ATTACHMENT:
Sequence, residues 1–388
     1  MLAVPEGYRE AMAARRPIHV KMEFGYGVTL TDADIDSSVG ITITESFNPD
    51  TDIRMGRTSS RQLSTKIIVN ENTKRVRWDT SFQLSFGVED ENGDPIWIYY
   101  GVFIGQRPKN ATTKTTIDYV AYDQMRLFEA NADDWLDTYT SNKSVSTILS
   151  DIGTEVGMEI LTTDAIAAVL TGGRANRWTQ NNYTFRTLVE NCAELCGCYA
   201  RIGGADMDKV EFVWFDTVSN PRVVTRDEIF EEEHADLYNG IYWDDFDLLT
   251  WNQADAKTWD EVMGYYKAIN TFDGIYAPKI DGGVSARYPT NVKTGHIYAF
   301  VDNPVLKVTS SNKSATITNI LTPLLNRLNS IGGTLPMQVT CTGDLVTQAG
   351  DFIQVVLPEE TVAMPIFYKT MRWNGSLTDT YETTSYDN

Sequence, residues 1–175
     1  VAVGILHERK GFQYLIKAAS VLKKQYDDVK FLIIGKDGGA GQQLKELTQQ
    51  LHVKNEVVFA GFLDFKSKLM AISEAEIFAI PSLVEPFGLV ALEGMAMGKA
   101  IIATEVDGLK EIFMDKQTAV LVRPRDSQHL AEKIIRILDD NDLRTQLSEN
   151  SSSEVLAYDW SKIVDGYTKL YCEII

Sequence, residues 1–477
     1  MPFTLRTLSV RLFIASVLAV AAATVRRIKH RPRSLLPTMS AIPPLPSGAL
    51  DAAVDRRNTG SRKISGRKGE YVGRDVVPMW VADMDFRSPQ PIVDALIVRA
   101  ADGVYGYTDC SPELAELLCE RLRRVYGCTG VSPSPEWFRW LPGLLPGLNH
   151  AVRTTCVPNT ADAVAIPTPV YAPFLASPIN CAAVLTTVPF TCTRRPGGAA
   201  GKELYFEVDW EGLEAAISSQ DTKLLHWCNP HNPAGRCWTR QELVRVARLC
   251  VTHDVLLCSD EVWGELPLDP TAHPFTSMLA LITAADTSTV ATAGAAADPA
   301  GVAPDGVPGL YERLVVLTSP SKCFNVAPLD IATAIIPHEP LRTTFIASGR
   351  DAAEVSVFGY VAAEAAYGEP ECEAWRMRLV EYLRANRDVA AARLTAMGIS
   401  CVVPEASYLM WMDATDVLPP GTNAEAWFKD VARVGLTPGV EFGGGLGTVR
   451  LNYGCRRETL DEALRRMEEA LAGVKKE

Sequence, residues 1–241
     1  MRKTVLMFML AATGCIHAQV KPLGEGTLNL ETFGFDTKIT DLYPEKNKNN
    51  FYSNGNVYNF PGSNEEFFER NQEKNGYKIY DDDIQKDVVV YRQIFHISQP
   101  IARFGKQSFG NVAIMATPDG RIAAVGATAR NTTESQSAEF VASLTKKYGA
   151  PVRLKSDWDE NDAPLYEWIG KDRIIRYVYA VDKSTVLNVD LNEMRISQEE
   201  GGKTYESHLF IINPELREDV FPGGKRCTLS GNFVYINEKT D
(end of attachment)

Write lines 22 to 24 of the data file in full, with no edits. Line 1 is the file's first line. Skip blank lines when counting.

   301  GVAPDGVPGL YERLVVLTSP SKCFNVAPLD IATAIIPHEP LRTTFIASGR
   351  DAAEVSVFGY VAAEAAYGEP ECEAWRMRLV EYLRANRDVA AARLTAMGIS
   401  CVVPEASYLM WMDATDVLPP GTNAEAWFKD VARVGLTPGV EFGGGLGTVR